Originally published Jan. 23, 2012
Anil T. Mangla, M.S., Ph.D., M.P.H., is the now the director of academic relations and research at the Georgia Department of Public Health (DPH) and will serve as a departmental liaison to education and academia. As DPH moves forward, it will look to increase publishing efforts and build upon existing relationships in the academic community. Dr. Mangla comes to this new position from his role as Director of Infectious Disease and Immunizations where he lead one of the largest school-based flu immunization programs in the country. He brings a wealth of knowledge with regard to infectious diseases, heavy metal toxicology, epidemiology and community advocacy. In addition to his work with DPH, Dr. Mangla prepares the next generation of public health professionals in his capacity as an adjunct professor at the University of Georgia School of Public Health and Mercer University School of Medicine.
“I am thrilled with this new position,” stated Dr. Mangla. “For the first time, we have an official department that will collaborate with academia and other organizations and institutions. This position will also allow me to complete many of the important studies and trials we have initiated in Georgia. This research and resulting publications are important to show case our new highly-skilled innovative Department of Public Health. We have some excellent evidenced-based protocols and these should serve as models for the rest of the nation.”
One of Dr. Mangla’s goals in his new position is to create an internship program for M.P.H. students. “For the past ten years, I have had the best of both worlds where I was front line doing public health at the state level and I was also faculty,” he explained. “In this dual role, I was able to see the important role in bringing practice into the classroom. Public health is not textbook. Public health is in the frontline helping citizens and combating diseases.” An internship program will help grow the future public health workforce and prepare students for the important work they will do as public health practitioners. Dr. Mangla also wants to work with medical schools to include physicians’ rotations into public health especially at the state level.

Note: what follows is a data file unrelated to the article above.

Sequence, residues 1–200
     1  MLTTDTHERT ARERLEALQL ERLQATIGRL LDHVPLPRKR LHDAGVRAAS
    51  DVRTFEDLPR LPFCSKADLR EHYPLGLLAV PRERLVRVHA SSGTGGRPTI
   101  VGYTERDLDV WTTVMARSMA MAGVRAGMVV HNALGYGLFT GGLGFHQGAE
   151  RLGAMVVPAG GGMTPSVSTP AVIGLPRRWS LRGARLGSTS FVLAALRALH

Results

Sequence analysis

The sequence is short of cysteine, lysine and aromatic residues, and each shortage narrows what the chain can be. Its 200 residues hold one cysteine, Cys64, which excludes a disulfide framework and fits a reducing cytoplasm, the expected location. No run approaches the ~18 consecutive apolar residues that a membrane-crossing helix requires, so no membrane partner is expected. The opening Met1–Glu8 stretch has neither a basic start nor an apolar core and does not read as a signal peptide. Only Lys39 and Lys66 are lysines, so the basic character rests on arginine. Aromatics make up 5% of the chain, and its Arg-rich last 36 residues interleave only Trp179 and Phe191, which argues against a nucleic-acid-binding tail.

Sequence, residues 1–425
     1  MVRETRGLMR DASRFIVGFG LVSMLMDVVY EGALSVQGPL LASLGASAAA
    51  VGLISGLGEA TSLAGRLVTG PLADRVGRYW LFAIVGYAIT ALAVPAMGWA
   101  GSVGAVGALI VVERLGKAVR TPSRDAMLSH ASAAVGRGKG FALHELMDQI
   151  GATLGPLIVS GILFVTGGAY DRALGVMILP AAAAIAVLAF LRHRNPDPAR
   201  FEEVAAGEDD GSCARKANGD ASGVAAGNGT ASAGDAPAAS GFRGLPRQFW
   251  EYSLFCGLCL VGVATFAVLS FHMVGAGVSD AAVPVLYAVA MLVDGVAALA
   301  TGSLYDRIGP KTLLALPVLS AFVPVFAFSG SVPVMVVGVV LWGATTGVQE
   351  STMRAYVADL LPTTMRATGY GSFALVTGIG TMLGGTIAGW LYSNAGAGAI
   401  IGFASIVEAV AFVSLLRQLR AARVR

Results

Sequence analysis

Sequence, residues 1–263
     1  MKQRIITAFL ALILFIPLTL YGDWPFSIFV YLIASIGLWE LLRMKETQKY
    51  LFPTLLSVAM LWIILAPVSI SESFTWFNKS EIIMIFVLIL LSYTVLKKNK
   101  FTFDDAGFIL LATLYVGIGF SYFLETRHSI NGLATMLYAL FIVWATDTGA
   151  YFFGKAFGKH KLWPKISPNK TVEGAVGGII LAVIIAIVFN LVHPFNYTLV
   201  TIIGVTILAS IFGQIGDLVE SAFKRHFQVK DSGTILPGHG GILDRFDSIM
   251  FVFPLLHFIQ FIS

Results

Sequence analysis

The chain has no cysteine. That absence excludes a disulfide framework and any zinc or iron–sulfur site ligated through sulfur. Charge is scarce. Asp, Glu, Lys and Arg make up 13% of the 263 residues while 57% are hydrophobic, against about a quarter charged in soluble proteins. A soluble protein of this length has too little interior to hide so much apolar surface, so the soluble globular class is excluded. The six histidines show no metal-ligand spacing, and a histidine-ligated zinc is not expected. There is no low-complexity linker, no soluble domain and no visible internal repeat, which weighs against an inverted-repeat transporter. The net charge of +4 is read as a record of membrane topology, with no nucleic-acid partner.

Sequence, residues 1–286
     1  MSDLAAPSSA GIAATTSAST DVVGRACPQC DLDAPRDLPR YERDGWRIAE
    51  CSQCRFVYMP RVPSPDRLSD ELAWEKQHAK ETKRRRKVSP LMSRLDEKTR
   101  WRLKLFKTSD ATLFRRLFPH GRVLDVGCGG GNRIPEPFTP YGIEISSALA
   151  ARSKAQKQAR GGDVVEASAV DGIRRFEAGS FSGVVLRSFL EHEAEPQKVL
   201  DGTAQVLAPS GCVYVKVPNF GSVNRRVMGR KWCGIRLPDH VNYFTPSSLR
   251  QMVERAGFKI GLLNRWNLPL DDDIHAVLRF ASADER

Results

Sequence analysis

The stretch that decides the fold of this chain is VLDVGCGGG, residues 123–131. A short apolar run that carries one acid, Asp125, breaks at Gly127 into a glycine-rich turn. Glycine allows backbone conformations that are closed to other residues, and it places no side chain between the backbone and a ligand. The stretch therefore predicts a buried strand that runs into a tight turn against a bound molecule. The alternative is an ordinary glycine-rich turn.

Dr. Mangla described the importance of collaboration with academia. “Subject matter experts will now be available to us as a department for collaboration on projects and research.” He also stressed the importance of increasing DPH’s publishing efforts. “The department has a wealth of data that has not yet been used to provide useful information to the public,” he explained. Dr. Mangla will assist each department in correctly formulating abstracts, publications and detailed analysis to share the results of their hard work.
Dr. Mangla received his B.S. in Biochemistry and Physiology at University of Kwazulu, South Africa. He completed his M.S. in Chemistry at University of Texas and his Ph.D. at Texas Tech University under the mentorship of Dr William David Nes, a world-renowned researcher in Infectious Diseases. He then completed his post-doctoral fellowship at the University of Minnesota under the leadership of Professor Karin Musier-Forsyth, an authority of Nucleic Acid-Protein Interactions in HIV.
Dr. Mangla served as president of Africa Solutions and as chair for Sub-Saharan African Youth and Family Services in Minnesota . During this period, he focused on HIV and TB in the foreign-born populations and facilitated services for refugees. He completed an M.P.H. at the University of Minnesota as a Bush Leadership fellow. He interned with Congresswoman Betty McCollum evaluating PEPFAR and was presented with the flag that was flown over the United States Capitol by Congresswoman McCollum for his commitment to Global Health and the citizens of Minnesota. Dr. Mangla also served as co-president with Congressman Arlen Erdarl for the United Nations Association of Minnesota from 2003-2005.